There Is No Culture Without Inequality: Stove 1

There Is No Culture Without Inequality: Stove 1

The works of David Stove need wider reading. I had been meaning to do a series reviewing all he wrote, but like the Class I couldn’t decide where to start or how to progress. Which are terrible excuses.

So we will wing it, beginning by reviewing each chapter of his 2003 On Enlightenment. Which, sinfully, appears out of print! Snatch up a used copy when you can.

The first chapter is “Did Babeuf Deserve the Guillotine?” Francois-Noel Babeuf (Stove assumes you know) attempted a coup during the French Revolution—from the left. He was, as the title reveals, unsuccessful. Stove argues that his death sentence was undeserved because Babeuf’s argument for his coup was a direct deduction from Enlightenment principles relied upon by the Revolution. That deduction was “community of property”, which flows directly from egalitarianism. Another way to say this is “communism”, which is the system in which a cadre of elites rule while denying they are ruling, and in which poverty, hence equality, of the greatest number is produced.

The essay is long, so today we cover the introduction to it. Babeuf we get to next time.

Stove, anticipating his readers will be formally educated, begins his assault on egalitarianism from an unexpected angle:

Are you an opponent of privilege? It is ten thousand to one you are. In that case you are, though you may not know it, an opponent of learning too. The reason is simple: leisure, quiet, and access to the learning of others are privileges, and they are also three things without which learning cannot exist.

No two of those three will do on their own. Leisure and quiet will not save learning if the learning of others is not also accessible to you—in short, if there are no libraries. If you have libraries and the leisure to use them, but every moment of waking life is filled with loud noise from Red Guards, rock music, or some other source, the libraries and leisure might as well not exist as far as learning is concerned. If you have the libraries and the quiet which learning requires, but no one has enough leisure to profit from them, then learning will be extinguished just as surely as if you simply shot every educated person in the head, Khmer-Rouge style.

So, if all privilege is abolished, learning is abolished with it. A society in which privilege exists may be a barbarously ignorant one; we all know many instances of that. But a society must be barbarously ignorant if there is no privilege in it at all, only equality all round.

Libraries are now “learning centers”, which proves, yet again, today everything is named for its opposite.

Now it might not be you, dear scholar reader, who is privileged, but you must rely on somebody who is or was and who is or was interested in providing leisure, libraries, and that most precious gift, quiet. There is no escaping privilege. Stove says “The system of private patronage is by now long dead, of course; it is one of the countless victims of Enlightenment egalitarianism.” Well, not entirely dead, as I can testify, but certainly gasping for breath.

Most haven’t the capacity for thinking. “As to incapacity, ask anyone who has taught in a Western university in recent decades.” I have: ask me: incapacity rules. And even if were so that all had equal capacity, only a few have passion for thinking. “To sit quietly alone for hours, thinking about some difficult question, in which you yourself have nothing to gain or lose—this is how some of us spend much of our lives, but to most people it is a purgatorial prospect.”

A passion and the ability for learning in some, particularly the display of it, can, putting it lightly, displease the unable, leading some to thoughts of egalitarian purity. De Tocqueville pointed out the “passion for equality has a curious feature…that the more it is fed, the less it is satisfied. As more and more inequalities are removed, the more galling are any remaining ones felt to be.”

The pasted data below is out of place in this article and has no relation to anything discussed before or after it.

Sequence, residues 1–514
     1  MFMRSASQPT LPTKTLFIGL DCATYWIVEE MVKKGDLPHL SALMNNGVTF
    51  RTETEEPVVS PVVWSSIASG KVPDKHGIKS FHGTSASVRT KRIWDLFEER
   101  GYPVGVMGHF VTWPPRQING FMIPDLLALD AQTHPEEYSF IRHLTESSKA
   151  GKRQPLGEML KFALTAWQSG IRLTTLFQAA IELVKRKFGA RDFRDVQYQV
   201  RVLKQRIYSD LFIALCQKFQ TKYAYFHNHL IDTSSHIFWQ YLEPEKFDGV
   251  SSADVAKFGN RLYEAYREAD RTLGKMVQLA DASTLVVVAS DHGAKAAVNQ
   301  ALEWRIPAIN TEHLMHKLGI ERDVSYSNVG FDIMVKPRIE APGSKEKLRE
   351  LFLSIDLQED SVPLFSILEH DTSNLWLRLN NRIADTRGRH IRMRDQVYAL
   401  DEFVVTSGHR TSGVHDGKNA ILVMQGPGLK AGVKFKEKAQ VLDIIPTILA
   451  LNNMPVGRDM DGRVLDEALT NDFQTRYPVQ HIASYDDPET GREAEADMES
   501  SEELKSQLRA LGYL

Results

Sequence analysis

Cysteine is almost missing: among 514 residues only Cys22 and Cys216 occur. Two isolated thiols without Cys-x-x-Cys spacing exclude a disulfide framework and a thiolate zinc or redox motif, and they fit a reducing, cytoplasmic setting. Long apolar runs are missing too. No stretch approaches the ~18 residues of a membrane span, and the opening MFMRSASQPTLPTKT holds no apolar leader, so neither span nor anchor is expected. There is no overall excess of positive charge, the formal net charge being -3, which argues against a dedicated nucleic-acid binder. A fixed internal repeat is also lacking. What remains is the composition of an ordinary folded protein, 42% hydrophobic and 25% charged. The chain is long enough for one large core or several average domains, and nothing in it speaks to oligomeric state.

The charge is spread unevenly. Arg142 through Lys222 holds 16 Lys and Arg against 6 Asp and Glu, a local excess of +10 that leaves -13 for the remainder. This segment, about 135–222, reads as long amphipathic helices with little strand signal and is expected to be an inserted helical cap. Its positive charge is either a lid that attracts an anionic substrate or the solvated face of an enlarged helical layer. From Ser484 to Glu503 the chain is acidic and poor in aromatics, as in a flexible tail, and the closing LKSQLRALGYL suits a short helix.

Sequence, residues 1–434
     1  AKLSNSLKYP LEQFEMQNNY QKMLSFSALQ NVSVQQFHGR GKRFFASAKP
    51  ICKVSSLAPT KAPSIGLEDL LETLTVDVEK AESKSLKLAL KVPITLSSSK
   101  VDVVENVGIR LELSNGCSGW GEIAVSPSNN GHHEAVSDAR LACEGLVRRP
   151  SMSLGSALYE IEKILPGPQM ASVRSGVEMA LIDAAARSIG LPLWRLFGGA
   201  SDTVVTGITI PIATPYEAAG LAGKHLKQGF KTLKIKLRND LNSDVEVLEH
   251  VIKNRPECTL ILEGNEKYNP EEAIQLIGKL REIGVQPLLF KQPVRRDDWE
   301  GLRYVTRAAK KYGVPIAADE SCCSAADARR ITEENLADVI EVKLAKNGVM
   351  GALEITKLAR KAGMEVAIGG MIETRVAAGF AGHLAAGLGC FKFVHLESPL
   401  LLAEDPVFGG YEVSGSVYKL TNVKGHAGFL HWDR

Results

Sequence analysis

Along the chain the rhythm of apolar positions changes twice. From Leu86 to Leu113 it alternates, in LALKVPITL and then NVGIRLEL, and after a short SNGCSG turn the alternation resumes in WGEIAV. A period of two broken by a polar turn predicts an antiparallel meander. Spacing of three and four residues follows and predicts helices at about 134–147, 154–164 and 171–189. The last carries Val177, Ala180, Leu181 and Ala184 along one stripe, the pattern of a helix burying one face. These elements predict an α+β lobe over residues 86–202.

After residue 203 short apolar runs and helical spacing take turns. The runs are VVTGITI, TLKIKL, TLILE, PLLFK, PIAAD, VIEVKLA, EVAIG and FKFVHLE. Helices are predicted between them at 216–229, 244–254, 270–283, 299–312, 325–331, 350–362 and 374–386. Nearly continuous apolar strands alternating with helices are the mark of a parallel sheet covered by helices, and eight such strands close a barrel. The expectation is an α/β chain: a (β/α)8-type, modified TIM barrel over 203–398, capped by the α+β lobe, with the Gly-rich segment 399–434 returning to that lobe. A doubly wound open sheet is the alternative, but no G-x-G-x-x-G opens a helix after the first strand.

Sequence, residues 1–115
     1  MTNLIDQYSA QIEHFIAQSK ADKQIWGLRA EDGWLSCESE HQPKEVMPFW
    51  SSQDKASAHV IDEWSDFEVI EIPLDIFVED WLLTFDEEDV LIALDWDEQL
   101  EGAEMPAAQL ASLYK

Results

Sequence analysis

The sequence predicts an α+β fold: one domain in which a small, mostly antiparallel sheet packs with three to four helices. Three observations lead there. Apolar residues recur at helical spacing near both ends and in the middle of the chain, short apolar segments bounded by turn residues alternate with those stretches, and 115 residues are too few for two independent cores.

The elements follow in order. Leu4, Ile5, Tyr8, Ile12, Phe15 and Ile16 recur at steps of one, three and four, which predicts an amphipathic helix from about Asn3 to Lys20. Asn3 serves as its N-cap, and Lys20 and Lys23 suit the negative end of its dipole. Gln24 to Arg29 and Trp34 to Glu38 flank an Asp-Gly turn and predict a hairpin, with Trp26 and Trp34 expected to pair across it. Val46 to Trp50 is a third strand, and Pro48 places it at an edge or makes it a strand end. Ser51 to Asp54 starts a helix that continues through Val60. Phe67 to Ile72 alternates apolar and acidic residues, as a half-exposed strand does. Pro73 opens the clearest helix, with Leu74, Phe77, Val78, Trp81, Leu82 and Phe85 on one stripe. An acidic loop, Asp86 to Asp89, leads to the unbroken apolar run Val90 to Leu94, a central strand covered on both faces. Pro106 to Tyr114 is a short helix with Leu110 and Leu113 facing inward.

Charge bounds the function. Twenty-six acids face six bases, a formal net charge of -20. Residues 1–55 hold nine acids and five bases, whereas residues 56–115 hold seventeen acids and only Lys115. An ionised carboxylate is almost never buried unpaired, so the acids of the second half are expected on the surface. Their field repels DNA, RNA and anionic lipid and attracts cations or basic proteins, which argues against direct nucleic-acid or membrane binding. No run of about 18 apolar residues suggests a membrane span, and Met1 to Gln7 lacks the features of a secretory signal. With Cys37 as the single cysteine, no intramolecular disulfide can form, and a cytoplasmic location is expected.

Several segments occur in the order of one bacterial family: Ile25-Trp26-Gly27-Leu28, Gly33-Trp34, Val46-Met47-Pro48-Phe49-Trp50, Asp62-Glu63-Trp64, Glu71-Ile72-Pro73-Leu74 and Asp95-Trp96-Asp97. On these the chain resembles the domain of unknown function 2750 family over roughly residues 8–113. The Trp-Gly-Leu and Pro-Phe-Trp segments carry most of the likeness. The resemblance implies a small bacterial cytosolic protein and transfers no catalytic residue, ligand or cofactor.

The result, as far as learning is concerned, is that the privileges of the learned become more obnoxious to egalitarian sentiment as they become fewer and smaller; and since the learned are not exempt from egalitarian fever, but on the contrary are often its most active fomenters, those privileges become more obnoxious even to the learned themselves.

You must, by now, recognize this symptom.

There are two more conditions, besides leisure, libraries, and quiet, to produce learned culture: ability and necessity.

Take any branch of culture you like: literature, science, philosophy, history, music, or whatever. It comes neither from the most privileged part of society, nor from the least; neither from the blue-bloods, nor from the “people of the abyss” (as Jack London called them). It comes from the great broad band in between.

It is very obvious why the people of the abyss play no part in culture. They are too tired, or too hungry, or too sick, or too drunk, to acquire even elementary education. And no one can contribute to physics, philosophy, music, or whatever, unless they have, not merely elementary education, but (as I implied before) a good grasp of what others have done before them in that field. Which in turn requires leisure, quiet, and libraries…

But the aristocracy is almost as weakly represented in culture as the opposite social extreme is. King Henry the Eighth wrote a book (defending the Pope against Luther) and of course James the First was an inveterate scribbler. In Victorian times, books of selections from “royal and noble authors” enjoyed wide popularity; or at any rate, wide sales, since no doubt they were much more often bought than read. Few who did read them would have had their respect for the royal and noble much increased by the experience.

One can to some extent see why this should be so. An aristocrat is someone with more opportunity than other people to indulge his or her mere will. Most people, if given that opportunity, will flow into the typical aristocratic activities—war, government, conspicuous display, hunting and related sports—as inevitably as water flows downhill. In culture, on the other hand, or at least intellectual culture, your mere will counts for nothing…

But whatever may be the reason for it, the fact is that if you write down the names of a hundred people who have done something that matters in science or literature or any other branch of culture, you will find that two at most of the hundred come from the most privileged part of the social scale, and one at most from the least privileged…